Let’s face it, many of us spend a lot of time online whether it may be for work purposes or for socializing. Hence, the more time we spend online, the more we are at risk of being targeted by cybercriminals.
You may have heard about cyber criminals through the grapevines or even fallen victim to the crime. Cybercriminals refer to someone who engages in illegal activity via the internet.
According to a report in BusinessTech, Trend Micro’s biannual cybersecurity statistics find that South Africa is “a playground for cybersecurity criminals”.
It furthermore states that the country ranks in the top 30 most-targeted countries for malware attacks and top 20 for Covid-19-related email threats.
And did you know that the threat is even greater when you travel?
Imagine this scenario: Your company sends you overseas to complete a project. During your stay, you use your company business card at an ATM – nothing unusual about that. But, once you return home, your employer notices massive cash withdrawals from the bank – withdrawals you’re at a loss to explain.
Reported by the National Cybersecurity Alliance, the incident saw the 10-man consultancy lose a total of $15 000 (about R229 000) – the business’s entire cash reserve —after the credit card details were recorded by a skimmer device that criminals had installed on the ATM used by the employee.
“This incident showed just how devastating the effects of cybercrime can be,” said Bonnie Smith, general manager of FCM Travel.
“And it’s just one example of a cyberattack. There are so many more ways criminals can target travellers – so it’s important to be aware while you’re out on the road. Don’t let your guard slip, which is often challenging when you’re focused on meetings, exploring new places or enjoying your trip,’’ she continues.
According to a study conducted by IEEE Innovation At Work, the travel and transportation industry was the second most targeted industry for cybercriminals in 2018. The same study reports that one in seven travellers has fallen victim to information theft.
Why are travellers such soft targets?
One reason may be their nonchalant attitude. A somewhat concerning report by IBM shows that although 40% of travellers acknowledge that they could be at risk of cybercrime, only 30% guard against the threat.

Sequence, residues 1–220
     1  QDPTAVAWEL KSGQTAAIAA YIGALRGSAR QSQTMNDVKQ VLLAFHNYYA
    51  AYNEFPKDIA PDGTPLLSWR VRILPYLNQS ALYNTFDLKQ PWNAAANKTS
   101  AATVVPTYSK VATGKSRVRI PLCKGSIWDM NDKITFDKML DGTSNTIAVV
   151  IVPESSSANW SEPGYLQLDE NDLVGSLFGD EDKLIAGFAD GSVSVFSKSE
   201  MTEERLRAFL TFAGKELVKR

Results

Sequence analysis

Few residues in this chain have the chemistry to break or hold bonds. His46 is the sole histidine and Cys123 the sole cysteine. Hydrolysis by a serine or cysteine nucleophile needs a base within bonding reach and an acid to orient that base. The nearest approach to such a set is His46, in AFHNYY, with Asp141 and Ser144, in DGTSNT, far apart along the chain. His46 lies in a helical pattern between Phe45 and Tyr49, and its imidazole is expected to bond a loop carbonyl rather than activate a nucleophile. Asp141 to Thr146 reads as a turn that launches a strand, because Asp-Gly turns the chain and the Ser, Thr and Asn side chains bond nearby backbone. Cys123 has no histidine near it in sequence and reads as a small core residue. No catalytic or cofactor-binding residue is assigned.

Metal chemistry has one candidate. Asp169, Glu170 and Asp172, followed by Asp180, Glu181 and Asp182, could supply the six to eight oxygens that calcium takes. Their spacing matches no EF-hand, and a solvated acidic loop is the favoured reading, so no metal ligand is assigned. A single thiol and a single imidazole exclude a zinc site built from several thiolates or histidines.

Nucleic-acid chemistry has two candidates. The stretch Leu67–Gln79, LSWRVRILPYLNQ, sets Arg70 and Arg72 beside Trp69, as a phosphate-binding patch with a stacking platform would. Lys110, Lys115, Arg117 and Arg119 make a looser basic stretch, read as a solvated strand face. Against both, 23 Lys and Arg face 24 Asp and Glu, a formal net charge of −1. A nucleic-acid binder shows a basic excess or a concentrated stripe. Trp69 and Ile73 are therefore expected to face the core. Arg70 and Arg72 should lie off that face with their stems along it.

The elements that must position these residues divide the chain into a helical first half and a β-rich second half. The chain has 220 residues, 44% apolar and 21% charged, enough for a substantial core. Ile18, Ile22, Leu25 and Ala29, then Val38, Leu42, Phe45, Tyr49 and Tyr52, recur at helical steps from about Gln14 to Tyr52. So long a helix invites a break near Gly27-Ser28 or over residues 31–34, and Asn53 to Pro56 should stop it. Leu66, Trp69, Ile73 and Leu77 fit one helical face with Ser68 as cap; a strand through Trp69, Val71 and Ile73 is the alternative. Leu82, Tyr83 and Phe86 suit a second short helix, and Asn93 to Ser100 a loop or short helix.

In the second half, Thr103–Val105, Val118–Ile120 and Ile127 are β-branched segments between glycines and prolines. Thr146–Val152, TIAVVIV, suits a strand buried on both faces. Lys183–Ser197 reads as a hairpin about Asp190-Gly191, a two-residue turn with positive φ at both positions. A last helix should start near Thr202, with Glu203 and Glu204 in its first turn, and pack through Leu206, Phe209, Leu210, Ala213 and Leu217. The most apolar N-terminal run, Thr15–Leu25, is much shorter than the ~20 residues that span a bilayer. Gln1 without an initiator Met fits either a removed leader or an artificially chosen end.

Smith points out that travel leaves people in a highly vulnerable position. For a start, travellers typically have, out of necessity, a large volume of valuable data on their person, from their passports to travel itineraries and payment information.
All of this is gold for the cybercriminal who can sell the information or use it for identity theft or phishing attacks.
When you’re feeling tired after a long trip, it’s normal to opt for the quickest connectivity solution – like public wi-fi – to download mail or make a fast transaction instead of opting for the safest option.
How to avoid a cyberattack
Take action before leaving home, like brushing up on your rights and local laws. This is important because different countries may exert different rights to your data. For example, border guards may ask to see the contents of your laptop, and if you know that this is likely, you can plan ahead.
Change all your frequently used passwords. You may even wish to set up a temporary email account if you know that you’re likely to use a public computer.
If your personal data is stored on the cloud, consider deleting the local copy from your laptop and disabling the sync feature. While you’re at it, download software that encrypts information and protects copied data. Pay any bills that may fall due while you are away. If you foresee the need to download software, do so before you leave.
Disable the auto-connect function on your phone – connecting to the Internet manually for a few days isn’t much of a hassle, especially if it keeps your data safe. You should disable Bluetooth connectivity, too.
Refrain from plugging into the public wI-fI network. Instead, set up a wi-fi hot spot on your phone and encrypt your data using a virtual private network (VPN).
Once you’ve arrived at your destination, keep your device on you at all times. It sounds obvious, especially for crime-wary South Africans, but a request to borrow your phone or tablet for one second may not be quite as innocent as it seems.
Use public equipment with care, and exercise caution if you need to charge your USB in public.
If you need to charge, a good tip is to switch off your device before plugging it into a charging station. Finally, if you have been asked by border guards to screen your device, treat it as if it has been compromised.
“It’s important to stay alert and aware when you’re travelling.
This is always good advice, and now in terms of cybercrime too. Follow the tips and advice shared above, and chat to your travel expert about any destination-specific alerts or information,” Smith concludes.- IOL